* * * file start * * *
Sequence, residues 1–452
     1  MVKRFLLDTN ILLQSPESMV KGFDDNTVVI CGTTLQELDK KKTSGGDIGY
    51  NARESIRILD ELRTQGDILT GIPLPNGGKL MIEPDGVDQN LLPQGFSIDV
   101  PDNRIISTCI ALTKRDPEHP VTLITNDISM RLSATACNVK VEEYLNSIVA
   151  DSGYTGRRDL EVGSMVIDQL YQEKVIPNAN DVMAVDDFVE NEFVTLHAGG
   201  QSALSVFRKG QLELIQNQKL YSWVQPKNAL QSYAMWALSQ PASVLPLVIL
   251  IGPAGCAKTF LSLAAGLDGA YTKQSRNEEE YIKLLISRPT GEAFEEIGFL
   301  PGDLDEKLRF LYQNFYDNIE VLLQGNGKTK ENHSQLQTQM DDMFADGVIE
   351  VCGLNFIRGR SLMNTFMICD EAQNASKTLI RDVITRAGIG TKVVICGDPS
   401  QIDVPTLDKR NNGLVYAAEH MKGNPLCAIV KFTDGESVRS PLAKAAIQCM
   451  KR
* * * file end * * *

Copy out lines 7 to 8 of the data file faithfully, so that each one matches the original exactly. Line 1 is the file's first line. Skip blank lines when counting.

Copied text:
   251  IGPAGCAKTF LSLAAGLDGA YTKQSRNEEE YIKLLISRPT GEAFEEIGFL
   301  PGDLDEKLRF LYQNFYDNIE VLLQGNGKTK ENHSQLQTQM DDMFADGVIE